But even more problematic than the amount of time spent tying up these loose ends is the film's desire to give Bond and his nemesis a backstory. I won't ruin the specifics, but suffice it to say that they're crammed into a mold that is neither very unique nor very natural. The reason the character development of the previous three Craig films worked so well was because of the way we could feel it sweating from his pores, we could see it in the wrinkles of his leathered face. It was an inextricable part of his performance that tied into the plot seamlessly, and instead Spectre gives us what is essentially a final act twist that feels slightly artificial, as if we can see too much of the magician pulling the tablecloth out from under us. If I sound overly negative on the film it's simply because it took the greatest thing the Craig films had going for them and squandered it for a load of unnecessary prequel-esque backstory.

And it's not like the movie doesn't know how to pull off this naturalism that the previous Craig films accomplished. Exactly one scene before the big reveal, there's a moment which feels so inextricable to Bond's character that I actually bought in fully to the growing relationship between Bond and one of his female co-stars. He's always been a chivalrous misogynist, willing to take advantage of women but only on his own terms, and we get to see this play out in a way that simultaneously reveals the core of this conflicted part of him while demonstrating the extent of his enemy's malice and the depth of his lover's desperation.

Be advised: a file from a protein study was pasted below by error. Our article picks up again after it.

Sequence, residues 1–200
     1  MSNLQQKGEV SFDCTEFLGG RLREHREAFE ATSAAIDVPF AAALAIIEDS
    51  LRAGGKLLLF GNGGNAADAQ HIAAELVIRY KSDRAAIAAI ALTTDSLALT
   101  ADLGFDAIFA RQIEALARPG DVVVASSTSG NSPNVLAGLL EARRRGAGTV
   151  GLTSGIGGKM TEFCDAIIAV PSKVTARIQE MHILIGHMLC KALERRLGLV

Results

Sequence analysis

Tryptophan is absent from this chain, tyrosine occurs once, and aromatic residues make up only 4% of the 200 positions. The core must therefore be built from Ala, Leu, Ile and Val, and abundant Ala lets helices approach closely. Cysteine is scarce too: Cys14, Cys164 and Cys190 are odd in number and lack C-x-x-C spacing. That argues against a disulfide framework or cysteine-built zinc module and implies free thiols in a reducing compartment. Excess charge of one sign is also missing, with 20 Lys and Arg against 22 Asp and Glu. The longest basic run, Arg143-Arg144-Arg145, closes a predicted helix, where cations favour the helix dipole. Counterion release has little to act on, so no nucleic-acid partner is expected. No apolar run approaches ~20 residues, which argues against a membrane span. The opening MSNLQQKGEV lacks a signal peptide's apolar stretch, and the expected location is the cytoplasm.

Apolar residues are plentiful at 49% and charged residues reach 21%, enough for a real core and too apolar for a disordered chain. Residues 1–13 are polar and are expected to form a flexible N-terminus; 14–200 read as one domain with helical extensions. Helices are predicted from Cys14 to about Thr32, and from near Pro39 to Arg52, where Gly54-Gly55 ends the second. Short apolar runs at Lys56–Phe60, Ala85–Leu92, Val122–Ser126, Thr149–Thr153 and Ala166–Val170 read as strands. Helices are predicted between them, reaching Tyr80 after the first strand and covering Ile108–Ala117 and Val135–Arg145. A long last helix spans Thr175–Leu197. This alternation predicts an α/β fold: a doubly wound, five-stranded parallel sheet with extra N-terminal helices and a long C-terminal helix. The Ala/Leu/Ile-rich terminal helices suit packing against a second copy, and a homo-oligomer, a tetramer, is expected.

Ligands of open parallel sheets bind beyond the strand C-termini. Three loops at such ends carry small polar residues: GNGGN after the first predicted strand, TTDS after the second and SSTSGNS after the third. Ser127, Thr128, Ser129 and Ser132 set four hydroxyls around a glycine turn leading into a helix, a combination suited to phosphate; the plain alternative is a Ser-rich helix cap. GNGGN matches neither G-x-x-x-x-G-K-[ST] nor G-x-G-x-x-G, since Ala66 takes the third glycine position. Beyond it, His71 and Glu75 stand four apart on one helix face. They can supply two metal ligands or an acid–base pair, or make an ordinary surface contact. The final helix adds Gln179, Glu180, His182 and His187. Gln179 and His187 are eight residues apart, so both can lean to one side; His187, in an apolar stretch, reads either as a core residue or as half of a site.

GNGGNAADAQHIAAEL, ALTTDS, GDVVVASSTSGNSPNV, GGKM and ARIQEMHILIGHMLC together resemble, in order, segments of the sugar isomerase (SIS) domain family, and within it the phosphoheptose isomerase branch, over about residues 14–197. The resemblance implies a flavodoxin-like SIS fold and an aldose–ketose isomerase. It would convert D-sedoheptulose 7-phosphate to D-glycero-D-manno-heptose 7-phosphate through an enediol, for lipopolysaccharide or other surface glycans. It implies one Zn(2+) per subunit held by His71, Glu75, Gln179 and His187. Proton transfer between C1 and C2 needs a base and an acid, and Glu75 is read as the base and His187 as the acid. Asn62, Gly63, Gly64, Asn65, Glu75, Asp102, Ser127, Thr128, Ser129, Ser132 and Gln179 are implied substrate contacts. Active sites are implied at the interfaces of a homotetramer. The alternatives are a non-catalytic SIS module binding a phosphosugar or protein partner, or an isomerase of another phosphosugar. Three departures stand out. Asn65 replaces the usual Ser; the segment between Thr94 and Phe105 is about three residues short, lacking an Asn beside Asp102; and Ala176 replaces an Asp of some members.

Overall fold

This moment is also built on the film's central thematic concern: the pervasive/invasive nature of government surveillance. Ever since Pierce Brosnan took up the reins as 007, the franchise has been concerned with the way new technology affects our lives, from the fear of satellites in the 90's to the Internet-savvy super-genius Raoul Silva in Skyfall. Now, in the post-Snowden era, these anxieties are transformed into a fear of drones and data gathering services (there's even a direct reference to the Five Eyes global intelligence network Snowden leaked information about). The most important element of this development is the way it implicates the supposed good guys in the evil doing. This isn't somebody else, some political other causing chaos from the outside, but rather someone inside the very system built to stop the same bad men it now employs. Our efforts at counterterrorism become the violence they seek to eliminate.

There's plenty of other things going right for Spectre even if it's retconning of central characters ultimately feels forced. As anyone who's film fan enough to spend time on this site will have guessed, Hoyte van Hoytema's cinematography is stunningly gorgeous. His world of darkness and shadows fits right in with Roger Deakins's work on Skyfall. His greatest strength seems to be sculpting faces with light, which plays well with the distinctive features of Daniel Craig's face and gives Lea Seydoux's golden curls the classical elegance of not only the best of the Bond girls, but the best of Hitchcock's blondes as well.